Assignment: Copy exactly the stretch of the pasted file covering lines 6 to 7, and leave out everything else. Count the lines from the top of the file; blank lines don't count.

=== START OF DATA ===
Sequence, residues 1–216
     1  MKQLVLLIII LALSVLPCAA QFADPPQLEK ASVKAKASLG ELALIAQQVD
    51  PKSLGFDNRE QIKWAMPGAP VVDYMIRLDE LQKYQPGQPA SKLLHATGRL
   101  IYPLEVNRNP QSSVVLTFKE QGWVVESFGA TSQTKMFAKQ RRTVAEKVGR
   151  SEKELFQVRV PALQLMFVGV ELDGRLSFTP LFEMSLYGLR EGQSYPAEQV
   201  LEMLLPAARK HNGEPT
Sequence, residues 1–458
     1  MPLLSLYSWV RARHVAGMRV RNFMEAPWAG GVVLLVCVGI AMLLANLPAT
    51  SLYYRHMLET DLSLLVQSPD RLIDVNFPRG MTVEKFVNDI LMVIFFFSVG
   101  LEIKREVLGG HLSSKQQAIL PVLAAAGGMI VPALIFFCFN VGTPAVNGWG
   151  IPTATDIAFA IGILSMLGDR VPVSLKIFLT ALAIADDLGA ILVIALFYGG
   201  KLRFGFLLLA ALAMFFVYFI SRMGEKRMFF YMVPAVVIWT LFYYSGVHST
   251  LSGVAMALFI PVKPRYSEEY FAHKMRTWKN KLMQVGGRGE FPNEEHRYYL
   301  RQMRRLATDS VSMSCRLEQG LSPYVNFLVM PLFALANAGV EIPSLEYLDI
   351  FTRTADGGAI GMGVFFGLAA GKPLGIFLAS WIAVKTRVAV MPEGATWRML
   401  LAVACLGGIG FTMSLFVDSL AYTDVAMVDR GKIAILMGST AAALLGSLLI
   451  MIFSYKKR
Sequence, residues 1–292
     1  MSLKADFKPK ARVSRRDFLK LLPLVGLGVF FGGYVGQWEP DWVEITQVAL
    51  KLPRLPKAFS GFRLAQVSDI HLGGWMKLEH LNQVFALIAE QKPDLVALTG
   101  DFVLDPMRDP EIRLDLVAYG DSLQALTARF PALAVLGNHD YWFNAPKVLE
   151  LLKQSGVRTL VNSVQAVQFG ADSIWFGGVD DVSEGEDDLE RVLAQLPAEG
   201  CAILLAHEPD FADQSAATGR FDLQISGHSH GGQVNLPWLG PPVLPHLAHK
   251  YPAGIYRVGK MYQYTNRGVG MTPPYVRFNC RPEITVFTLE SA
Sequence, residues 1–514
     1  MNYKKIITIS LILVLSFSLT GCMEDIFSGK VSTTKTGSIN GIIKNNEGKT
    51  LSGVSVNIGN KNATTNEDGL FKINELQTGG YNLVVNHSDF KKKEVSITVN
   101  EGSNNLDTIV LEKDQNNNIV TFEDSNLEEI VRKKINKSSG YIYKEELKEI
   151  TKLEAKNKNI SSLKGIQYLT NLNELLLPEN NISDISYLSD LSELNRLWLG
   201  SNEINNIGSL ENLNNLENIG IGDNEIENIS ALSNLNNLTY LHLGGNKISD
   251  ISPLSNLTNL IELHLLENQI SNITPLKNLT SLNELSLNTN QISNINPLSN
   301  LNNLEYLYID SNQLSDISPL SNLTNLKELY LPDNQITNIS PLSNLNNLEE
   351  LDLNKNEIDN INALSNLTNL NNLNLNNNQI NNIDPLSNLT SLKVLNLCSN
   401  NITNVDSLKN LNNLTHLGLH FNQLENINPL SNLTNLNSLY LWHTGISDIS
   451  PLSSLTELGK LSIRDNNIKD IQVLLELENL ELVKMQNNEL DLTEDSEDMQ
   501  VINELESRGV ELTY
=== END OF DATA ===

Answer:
   201  LEMLLPAARK HNGEPT
Sequence, residues 1–458